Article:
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The Metaphysical Elements of Ethics


the criterion of a moral duty to consider the problem: ”If everyone in
every case made your maxim the universal law, how could this law be
consistent with itself ?” But if it were merely feeling that made it
our duty to take this principle as a criterion, then this would not be
dictated by reason, but only adopted instinctively and therefore
blindly.
PREFACE ˆ
paragraph 5
But in fact, whatever men imagine, no moral principle is based on
any feeling, but such a principle is really nothing else than an
obscurely conceived metaphysic which inheres in every man’s
reasoning fac ulty; as the teacher will easily ?nd who tries to
catechize his pupils in the Socratic method about the imperative of
duty and its application to the moral judgement of his actions. The
mode of stating it need not be always metaphysical, and the language
need not nec essarily be scholastic, unless the pupil is to be
trained to be a philosopher. But the thought must go back to the
elements of metaphysics, without which we cannot expect any
certainty or purity, or even motive power in et hics.
If we deviate from this principle and begin from pathological, or
purely sensitive, or even moral feeling (from what is sub jectively
practical instead of what is ob jective), that is, from the matter of
the will, the end, not from its form that is the law, in order from
thence to det ermine duties; then, certainly, there are no metaphysical
elements of ethics, for feeling by what ever it may be excited is
always physical. But then ethical teaching, whether in schools, or
lecture-rooms, etc., is corrupted in its source. For it is not a
matter of indi?erence by what motives or means one is led to a good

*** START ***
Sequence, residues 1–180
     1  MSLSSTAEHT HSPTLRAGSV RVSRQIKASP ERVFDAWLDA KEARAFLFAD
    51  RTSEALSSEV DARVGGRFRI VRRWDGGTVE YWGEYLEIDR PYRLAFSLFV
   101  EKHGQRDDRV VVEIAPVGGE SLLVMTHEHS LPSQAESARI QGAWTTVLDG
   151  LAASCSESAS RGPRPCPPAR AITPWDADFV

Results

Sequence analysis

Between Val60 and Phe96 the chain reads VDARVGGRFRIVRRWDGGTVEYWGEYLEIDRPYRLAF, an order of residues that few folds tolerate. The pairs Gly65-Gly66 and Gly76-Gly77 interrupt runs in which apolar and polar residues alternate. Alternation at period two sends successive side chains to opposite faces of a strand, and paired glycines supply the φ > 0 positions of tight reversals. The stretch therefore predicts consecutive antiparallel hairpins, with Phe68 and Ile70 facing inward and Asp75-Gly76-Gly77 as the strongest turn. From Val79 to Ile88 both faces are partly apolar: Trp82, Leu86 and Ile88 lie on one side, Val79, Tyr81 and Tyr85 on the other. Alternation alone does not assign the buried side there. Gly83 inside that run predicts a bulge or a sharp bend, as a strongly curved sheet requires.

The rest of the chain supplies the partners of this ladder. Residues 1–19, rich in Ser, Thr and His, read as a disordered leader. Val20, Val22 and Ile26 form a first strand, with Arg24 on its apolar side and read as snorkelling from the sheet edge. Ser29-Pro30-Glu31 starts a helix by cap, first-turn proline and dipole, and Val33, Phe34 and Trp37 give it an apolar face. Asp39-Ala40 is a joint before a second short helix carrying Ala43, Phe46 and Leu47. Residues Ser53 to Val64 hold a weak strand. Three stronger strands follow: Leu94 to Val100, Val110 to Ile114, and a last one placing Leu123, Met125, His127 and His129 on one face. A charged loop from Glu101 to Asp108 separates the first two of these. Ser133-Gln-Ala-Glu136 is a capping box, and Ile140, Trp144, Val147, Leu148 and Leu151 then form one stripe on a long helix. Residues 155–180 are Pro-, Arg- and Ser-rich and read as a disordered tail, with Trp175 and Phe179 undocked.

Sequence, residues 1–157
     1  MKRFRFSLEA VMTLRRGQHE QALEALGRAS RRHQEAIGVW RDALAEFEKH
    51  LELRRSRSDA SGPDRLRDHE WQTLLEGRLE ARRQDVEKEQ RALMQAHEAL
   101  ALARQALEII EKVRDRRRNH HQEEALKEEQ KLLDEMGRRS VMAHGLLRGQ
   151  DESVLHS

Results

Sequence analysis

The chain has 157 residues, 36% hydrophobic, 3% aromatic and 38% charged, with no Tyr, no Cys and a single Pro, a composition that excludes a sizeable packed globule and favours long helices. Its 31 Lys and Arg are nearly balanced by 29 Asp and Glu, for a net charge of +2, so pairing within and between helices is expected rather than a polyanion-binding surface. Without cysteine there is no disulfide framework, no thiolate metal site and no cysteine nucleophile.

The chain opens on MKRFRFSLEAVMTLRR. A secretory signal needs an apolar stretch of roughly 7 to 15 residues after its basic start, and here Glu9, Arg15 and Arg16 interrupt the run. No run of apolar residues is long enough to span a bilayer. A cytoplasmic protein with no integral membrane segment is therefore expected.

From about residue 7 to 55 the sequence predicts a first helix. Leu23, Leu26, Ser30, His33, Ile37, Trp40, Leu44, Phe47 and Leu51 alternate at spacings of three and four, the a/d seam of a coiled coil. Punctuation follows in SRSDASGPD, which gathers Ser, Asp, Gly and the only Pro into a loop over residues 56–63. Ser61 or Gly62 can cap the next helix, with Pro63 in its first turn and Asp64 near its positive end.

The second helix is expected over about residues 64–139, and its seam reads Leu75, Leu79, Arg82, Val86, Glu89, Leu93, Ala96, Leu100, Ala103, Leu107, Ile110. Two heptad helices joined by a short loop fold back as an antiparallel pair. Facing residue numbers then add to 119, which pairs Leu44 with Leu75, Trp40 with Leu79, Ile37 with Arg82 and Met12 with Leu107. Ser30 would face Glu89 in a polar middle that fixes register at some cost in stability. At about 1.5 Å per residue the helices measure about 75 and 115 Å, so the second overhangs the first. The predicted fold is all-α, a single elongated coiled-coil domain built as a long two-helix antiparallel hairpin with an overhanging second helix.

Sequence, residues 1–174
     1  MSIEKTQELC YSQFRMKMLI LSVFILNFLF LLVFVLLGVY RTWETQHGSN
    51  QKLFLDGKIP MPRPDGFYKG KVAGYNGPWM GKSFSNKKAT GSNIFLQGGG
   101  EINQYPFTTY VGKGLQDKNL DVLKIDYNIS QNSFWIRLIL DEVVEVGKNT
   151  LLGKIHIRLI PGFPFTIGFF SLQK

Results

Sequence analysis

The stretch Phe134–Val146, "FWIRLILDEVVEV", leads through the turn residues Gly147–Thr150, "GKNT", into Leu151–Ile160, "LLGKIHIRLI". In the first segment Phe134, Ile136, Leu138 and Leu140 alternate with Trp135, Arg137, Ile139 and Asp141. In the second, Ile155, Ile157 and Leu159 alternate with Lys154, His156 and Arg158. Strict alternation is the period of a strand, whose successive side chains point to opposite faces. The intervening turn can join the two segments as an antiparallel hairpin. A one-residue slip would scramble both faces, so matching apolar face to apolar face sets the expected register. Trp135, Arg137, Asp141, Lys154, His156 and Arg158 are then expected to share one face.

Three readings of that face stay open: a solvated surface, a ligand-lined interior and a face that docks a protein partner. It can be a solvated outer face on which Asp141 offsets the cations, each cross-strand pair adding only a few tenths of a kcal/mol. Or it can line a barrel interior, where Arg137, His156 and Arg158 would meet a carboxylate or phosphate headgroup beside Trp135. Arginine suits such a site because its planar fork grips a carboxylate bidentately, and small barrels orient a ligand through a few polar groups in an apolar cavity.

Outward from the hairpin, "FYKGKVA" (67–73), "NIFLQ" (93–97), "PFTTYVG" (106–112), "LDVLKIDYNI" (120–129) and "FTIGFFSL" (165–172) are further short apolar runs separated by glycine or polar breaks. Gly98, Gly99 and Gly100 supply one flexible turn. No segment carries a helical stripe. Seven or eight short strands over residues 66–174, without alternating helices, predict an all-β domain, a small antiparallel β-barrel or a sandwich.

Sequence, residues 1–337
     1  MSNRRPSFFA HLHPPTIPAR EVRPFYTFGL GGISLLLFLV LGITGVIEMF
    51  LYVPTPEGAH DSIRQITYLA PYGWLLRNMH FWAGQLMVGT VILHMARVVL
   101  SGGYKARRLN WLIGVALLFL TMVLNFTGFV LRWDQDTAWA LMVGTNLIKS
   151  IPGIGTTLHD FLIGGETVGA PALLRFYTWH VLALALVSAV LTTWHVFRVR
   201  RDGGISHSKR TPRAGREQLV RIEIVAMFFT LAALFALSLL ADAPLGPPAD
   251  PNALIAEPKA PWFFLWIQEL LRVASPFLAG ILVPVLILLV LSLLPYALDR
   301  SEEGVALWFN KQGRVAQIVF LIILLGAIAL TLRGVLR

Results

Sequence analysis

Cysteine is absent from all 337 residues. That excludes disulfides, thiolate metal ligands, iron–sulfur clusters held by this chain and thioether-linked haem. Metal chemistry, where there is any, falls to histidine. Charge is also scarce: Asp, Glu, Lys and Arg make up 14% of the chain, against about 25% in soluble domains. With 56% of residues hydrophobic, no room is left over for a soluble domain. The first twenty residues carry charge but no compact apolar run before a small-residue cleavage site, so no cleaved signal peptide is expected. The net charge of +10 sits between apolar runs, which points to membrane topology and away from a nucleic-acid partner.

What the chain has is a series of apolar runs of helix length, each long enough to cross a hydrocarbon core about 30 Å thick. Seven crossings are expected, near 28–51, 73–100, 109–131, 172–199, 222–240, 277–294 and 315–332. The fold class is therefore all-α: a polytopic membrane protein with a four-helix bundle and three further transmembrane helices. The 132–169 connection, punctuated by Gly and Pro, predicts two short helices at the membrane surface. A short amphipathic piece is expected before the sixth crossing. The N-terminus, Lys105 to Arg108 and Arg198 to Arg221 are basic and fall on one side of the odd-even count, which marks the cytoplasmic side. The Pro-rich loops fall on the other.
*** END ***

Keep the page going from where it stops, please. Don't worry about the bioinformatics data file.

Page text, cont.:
purpose (the obedience to duty). However disgusting, then, metaphysics
may appear to those pretended philosophers who dogmatize oracularly,
or even brilliantly, about the doctrine of duty, it is,
nevertheless, an indispensable duty for those who oppose it to go back
2
to its principles even in ethics, and to begin by going to school on
its benches.
We may fairly wonder how, after all previous explanations of the
principles of duty, so far as it is derived from pure reason, it was
still possible to reduce it again to a doctrine of happiness; in
such a way, however, that a certain moral happiness not resting on
empirical causes was ultimately arrived at, a self -cont radictory
nonentity. In fact, when the thinking man has conquered the
temptations to vice, and is conscious of having done his (often
hard) duty, he ?nds himself in a state of peace and satisfaction
which may well be called happiness, in which virtue is her own reward.
Now, says the eudaemonist, this delight, this happiness, is the real
motive of his acting virtuously. The notion of duty, says be, does not
immediat ely determine his will; it is only by means of the happiness
in prospect that he is moved to his duty. Now, on the ot her hand,
since he can promise himself this reward of virtue only from the
consciousness of having done his duty, it is clear that the latter
must have preceded: that is, be must feel himself bound to do his duty
before he thinks, and without thinking, that happiness will be the
consequence of obedience to duty. He is thus involved in a circle in
his assignment of cause and e?ect. He can only hope to be happy if he
is conscious of his obedienc e to duty: and he can only be moved to
obedienc e to duty if be foresees that he will thereby become happy.
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